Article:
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And Now Let's Move into a Time of Nonsense: Why Worship Songs are Failing the Church Paperback – 17 Sep 2004


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Product details

  • Paperback: 1 pages
  • Publisher: AUTHENTIC (17 Sept. 2004)
  • Language: English
  • ISBN-10: 1850785848
  • ISBN-13: 978-1850785842
  • Product Dimensions: 19.9 x 13.4 x 0.9 cm
  • Average Customer Review: 4.4 out of 5 stars  See all reviews (8 customer reviews)
  • Amazon Bestsellers Rank: 86,086 in Books (See Top 100 in Books)

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Product Description

About the Author

Nick Page is a writer, information designer, and creative consultant. He has written a number of books, including street life; The Tabloid Bible; Lord Minimus; BLUE; The Church Invisible; The Longest Week:the truth about Jesus Last Days and The Wrong Messiah: the truth of Jesus of Nazareth He also writes regular articles for Youthwalk, Christianity and Renewal, and works for a number of charities and NGOs. He and his wife, Claire, have three daughters and live in Eynsham in Oxfordshire, England.

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Most Helpful Customer Reviews

12 of 12 people found the following review helpful By P. Hutchinson on 14 Nov. 2009
Format: Paperback
I had seen this book on bookshelves years ago, but had put off buying and reading it, because I assumed from the title that it was a satirical book - poking fun and calling "no clothes, Mr Emperor", but taking an essentially cynical approach. I've done plenty of poking fun at contemporary worship in years past, but it's easy to be cynical - it's harder to demonstrate a better way of doing things.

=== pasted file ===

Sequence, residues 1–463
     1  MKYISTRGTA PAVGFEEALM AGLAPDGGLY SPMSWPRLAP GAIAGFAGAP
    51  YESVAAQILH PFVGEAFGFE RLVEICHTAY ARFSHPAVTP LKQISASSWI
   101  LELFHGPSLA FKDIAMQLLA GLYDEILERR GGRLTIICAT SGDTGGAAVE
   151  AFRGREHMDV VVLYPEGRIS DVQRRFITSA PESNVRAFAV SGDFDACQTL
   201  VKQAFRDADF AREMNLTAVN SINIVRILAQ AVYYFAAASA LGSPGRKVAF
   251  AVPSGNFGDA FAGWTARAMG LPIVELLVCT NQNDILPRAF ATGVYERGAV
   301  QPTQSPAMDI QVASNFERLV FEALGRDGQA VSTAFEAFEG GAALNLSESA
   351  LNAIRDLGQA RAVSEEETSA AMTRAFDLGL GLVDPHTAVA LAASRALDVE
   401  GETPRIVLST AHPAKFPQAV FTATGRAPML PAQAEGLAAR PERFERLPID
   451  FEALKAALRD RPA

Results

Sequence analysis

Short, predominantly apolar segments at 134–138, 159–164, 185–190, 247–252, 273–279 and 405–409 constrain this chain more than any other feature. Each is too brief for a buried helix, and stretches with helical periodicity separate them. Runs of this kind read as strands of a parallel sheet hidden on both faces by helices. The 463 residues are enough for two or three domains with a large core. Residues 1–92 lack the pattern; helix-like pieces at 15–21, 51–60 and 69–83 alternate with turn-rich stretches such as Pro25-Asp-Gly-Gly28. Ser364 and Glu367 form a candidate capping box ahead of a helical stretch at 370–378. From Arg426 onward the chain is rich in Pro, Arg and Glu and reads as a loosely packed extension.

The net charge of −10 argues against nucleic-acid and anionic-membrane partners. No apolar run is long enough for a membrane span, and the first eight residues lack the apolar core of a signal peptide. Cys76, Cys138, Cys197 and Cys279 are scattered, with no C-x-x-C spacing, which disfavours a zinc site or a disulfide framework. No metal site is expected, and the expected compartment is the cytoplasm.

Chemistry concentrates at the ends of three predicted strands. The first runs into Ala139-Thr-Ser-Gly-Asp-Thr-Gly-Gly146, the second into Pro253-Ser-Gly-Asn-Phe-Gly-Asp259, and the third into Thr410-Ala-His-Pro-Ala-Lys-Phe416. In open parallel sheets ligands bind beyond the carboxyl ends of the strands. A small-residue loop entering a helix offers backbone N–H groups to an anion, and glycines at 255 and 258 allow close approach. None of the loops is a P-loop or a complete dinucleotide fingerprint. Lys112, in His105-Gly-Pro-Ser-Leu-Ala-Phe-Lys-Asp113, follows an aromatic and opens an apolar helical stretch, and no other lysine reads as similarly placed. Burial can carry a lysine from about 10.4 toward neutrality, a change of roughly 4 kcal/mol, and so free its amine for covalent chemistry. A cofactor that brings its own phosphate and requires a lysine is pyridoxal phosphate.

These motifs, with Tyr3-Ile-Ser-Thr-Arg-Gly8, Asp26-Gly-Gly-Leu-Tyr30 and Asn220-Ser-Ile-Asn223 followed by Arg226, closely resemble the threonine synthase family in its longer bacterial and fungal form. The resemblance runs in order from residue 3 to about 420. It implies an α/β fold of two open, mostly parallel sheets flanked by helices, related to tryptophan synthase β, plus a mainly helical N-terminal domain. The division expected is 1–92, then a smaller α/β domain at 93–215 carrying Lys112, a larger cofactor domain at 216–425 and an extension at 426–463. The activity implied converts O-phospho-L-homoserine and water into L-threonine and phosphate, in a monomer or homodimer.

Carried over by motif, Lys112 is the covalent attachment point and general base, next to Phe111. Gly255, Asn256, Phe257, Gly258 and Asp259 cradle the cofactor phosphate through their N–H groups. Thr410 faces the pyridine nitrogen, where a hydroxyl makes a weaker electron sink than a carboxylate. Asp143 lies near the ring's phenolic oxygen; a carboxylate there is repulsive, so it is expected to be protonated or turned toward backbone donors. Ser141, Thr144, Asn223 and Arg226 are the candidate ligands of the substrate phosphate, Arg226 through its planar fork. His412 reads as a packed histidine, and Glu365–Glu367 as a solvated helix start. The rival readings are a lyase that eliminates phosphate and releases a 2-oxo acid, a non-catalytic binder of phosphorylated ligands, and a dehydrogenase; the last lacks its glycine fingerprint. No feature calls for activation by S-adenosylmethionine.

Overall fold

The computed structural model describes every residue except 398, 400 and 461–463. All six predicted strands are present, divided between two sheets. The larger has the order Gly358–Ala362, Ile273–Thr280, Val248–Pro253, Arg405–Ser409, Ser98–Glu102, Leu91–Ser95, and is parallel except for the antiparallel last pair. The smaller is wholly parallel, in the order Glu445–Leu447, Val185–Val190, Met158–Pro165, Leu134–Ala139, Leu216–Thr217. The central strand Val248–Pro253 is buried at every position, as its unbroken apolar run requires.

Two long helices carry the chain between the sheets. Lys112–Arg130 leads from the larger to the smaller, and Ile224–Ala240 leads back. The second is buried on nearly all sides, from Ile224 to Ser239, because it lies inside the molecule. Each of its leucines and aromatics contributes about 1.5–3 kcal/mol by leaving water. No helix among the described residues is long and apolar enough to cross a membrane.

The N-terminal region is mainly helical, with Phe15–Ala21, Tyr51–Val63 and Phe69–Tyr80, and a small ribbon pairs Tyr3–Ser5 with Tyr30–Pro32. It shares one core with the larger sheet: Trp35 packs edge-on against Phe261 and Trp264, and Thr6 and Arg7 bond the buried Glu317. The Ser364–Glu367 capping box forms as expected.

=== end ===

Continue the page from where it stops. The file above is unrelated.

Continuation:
Having now read the book, this was an unfair impression. This is a constructive critique of the lyrical content of modern worship. There are no cheap shots taken here. (There's not even any criticism of poorly put together music, which you might have expected. Instead Mr Page commends in passing the musical quality which many praise bands aspire to - "great tunes, shame about the words"). Instead, this is a passionate plea for why modern worship needs to seek out thoughtful lyrical content, as well as showing some of the cultural reasons why we've let ourselves down in this respect. It's written by someone who loves modern worship, but often gets annoyed by it.

This is thought provoking and readable - I plan on recommending it to all the other guys on my worship leading team. As a previous reviewer pointed out, it's aimed at songwriters, but I think it's also good for challenging the average worship leader to seek out lyrical quality.
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14 of 14 people found the following review helpful By Alan Meban on 15 Mar. 2006
Format: Paperback Verified Purchase
Thought of writing worship songs, but don’t know where to start?
Wondered why when you bring your friends to your trendy youth service, they look as bemused as if you had made them sing metrical psalms unaccompanied?
Then this short, accessible and funny book might help you. If you’ve ever questioned whether these really are the days of Elijah, and particularly if the thought never crossed your mind, read this book.